Despite positive developments in the movement to provide formal instruction in coding for kids in major American cities like New York, San Francisco, and Chicago, most schools still don't offer such courses.
This is unfortunate, because having a solid understanding of how technology works -- and not just knowing how to consume digital content -- will be crucial to kids' ability to succeed in the digital economy we live in today.
Most of the newest companies with eye-popping multibillion-dollar valuations are, in essence, computer applications made up of millions of lines of computer code. Think Facebook, Google, Instagram, Airbnb, Snapchat, Uber, and many more.
A number of reasons have been put forth for why kids should learn to code. Here are just five of them.
1. Coding helps develop logical thinking and problem-solving skills. Coding teaches the process of breaking complex problems into smaller chunks, solving them, and then integrating them back into a unified solution: The application. And this is a highly transferable skill: Every job in every industry needs better problem-solvers.
2. Coding requires understanding what users want -- and then crafting solutions to their needs. Again, this is a skill that is in demand in just about any industry one can think of.
3. Coding requires working in teams. While there will always be a need for solo coders, most complex coding projects require working in teams, and sometimes very large ones. Transferable skill? Check.
4. Learning to code opens the door to job opportunities. Hadi Partovi, co-founder of Code.org, estimates that 1.4 million programming jobs will be needed over the next decade while current projections are for only 400,000 graduates in the field. A study by Payscale.com ranks computer science as the "third most valuable college major," with median starting pay of $53,000.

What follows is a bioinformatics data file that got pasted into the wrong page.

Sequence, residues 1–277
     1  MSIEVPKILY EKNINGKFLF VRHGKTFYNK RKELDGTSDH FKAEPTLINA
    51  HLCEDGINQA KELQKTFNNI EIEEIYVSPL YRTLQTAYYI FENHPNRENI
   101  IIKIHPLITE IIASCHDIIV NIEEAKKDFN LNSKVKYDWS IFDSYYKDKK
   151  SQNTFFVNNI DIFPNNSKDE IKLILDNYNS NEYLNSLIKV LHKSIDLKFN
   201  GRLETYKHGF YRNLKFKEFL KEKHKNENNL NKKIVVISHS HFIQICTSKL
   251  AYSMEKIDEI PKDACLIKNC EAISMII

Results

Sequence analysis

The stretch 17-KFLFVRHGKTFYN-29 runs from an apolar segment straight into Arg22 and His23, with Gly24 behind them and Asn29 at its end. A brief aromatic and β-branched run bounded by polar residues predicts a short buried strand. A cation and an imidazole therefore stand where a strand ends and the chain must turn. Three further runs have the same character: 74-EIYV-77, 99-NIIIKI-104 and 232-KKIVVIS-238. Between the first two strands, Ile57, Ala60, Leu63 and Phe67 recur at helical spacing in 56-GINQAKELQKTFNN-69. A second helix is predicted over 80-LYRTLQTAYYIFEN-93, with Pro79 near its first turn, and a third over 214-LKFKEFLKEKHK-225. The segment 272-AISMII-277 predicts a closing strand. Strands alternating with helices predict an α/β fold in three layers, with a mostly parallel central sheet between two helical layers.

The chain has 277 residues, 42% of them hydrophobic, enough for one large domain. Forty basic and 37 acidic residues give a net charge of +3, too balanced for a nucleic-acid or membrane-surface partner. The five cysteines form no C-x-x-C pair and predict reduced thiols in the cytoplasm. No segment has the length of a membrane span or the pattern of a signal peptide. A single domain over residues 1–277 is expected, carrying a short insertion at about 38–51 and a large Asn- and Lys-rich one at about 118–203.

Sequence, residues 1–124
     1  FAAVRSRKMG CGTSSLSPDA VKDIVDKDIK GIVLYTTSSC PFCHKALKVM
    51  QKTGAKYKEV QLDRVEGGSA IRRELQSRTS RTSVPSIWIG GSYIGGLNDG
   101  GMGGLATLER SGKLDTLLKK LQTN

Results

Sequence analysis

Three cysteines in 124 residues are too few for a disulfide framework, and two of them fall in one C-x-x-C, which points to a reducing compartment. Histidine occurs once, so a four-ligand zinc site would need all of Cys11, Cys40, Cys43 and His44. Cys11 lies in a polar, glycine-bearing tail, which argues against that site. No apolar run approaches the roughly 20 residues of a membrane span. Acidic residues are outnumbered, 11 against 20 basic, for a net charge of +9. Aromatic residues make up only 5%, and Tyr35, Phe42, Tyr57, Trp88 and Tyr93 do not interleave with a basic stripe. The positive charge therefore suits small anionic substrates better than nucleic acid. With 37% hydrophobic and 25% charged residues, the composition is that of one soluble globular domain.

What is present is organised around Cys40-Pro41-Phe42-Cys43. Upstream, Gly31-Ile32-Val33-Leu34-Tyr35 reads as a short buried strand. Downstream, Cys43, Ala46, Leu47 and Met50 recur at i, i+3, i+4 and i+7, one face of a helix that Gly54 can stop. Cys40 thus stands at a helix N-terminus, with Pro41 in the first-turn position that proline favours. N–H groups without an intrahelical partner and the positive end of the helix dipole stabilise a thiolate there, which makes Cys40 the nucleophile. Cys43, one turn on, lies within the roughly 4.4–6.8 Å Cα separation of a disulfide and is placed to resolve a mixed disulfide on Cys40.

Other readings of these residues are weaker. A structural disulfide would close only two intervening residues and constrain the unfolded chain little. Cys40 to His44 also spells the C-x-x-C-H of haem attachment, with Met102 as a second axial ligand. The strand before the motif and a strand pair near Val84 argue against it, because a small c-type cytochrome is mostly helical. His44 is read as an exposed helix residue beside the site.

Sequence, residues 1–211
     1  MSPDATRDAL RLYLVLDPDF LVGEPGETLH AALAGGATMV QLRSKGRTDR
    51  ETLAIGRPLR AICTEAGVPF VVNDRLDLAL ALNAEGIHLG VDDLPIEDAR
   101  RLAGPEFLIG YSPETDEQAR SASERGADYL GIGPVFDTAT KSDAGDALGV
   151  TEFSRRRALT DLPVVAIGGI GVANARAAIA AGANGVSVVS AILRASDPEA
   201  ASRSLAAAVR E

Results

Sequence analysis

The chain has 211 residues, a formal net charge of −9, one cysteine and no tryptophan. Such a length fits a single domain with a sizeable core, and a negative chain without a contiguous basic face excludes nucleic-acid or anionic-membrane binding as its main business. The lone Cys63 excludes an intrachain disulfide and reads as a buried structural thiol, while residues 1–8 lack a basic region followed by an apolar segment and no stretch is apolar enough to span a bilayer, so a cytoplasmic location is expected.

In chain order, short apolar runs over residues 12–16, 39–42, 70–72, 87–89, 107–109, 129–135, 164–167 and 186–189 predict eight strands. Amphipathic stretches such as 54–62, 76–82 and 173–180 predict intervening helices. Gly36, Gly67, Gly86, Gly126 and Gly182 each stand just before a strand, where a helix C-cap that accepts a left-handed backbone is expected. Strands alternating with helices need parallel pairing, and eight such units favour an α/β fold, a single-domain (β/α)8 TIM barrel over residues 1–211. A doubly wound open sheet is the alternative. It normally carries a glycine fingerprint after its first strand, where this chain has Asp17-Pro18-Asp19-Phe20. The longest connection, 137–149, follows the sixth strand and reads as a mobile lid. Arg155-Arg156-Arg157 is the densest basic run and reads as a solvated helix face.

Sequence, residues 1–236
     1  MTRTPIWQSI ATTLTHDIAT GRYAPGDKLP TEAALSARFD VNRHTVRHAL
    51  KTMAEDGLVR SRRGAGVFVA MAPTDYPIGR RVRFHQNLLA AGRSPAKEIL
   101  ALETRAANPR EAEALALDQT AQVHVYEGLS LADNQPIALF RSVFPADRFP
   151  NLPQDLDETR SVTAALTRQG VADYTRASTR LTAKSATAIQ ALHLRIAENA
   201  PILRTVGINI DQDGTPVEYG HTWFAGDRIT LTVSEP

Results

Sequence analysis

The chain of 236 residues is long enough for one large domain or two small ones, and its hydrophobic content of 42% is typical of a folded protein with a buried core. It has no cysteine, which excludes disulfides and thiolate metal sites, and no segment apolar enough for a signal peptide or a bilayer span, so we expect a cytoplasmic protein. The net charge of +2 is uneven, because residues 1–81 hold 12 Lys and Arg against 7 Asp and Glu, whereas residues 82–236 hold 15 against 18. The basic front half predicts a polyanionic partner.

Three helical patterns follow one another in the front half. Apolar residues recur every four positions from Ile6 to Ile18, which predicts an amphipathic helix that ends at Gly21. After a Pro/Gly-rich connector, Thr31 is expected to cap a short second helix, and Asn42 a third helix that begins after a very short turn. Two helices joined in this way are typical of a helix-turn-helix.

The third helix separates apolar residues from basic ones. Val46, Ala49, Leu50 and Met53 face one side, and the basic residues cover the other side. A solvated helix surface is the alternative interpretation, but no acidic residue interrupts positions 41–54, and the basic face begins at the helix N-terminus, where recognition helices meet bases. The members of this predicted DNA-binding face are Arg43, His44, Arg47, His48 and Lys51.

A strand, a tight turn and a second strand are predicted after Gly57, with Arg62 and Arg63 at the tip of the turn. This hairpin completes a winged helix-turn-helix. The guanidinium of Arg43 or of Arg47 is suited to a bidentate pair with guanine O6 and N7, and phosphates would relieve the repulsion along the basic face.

5. Learning to code gives non-coders confidence with technology. The fact is, most students won't go on to become professional coders. And that's OK, because whatever occupation they pursue, learning the basics of coding can give them more confidence using technology. I'm not a coder by profession. I'm a marketing and communications guy. But my years coding as a kid, and my occasional dabbling in coding as an adult , has given me an understanding of -- and comfort using -- technology that I might not otherwise have.
Not convinced yet?
I recently spoke with two professional coders who have built billion-dollar businesses on the back of their coding skills -- Nathan Blecharczyk, co-founder and CTO of Airbnb; and Matt Mullenweg, creator of WordPress and CEO of Automattic -- to get their take on the issue.
Here's what they told me.
Should kids learn to code?
Blecharczyk: "Definitely. Even if kids don't eventually pursue a career as a coder, learning how to think like one helps hone logical thinking and problem-solving skills."
Mullenweg: "Absolutely. I actually believe that coding is like the new literacy, and it's going to be as important to code in the future as it is to be able to read and write today. Even if you don't decide to do development as a career, the ability to think like an engineer and understand code is hugely valuable, including for managing other developers.
"Pretty much anything you're going to do in a modern information society, if it's connected to a computer, knowing how that computer works and being able to modify it is just invaluable."
What languages should kids learn first?
Blecharczyk: "The language doesn't matter as much as the ability to learn how to code itself."
Don't learn coding for the sake of learning coding
Blecharczyk: "Kids should learn coding through building applications, and not just learn it as a purely academic subject."
Mullenweg: "It's not exciting to learn coding for coding's sake. I've certainly always been interested in it as a means to an end. One of the first things I ever coded was for my sister, who was doing a lot of genealogy research. I made a website which was basically just a database of all the family members that she was finding.
"And that was fantastic for learning how to set up a database and tie it all together and do different queries. So if you can figure out a project that seems like fun, just start hacking away on it."
How to get started
There's no shortage of online resources that can teach your kids how to code, even if their schools don't offer courses. For the past few years, Code.org has been promoting Hour of Code, a one-hour introduction to computer science that intends to "demystify code." More than 266 million kids worldwide have taken up the challenge so far, including my 10-year-old daughter.
In addition to Code.org, there are many great websites that provide coding instruction for free or for a fee. Kids, Code, and Computer Science has a helpful list of sites that teach coding, and offers other useful articles and resources, many for free.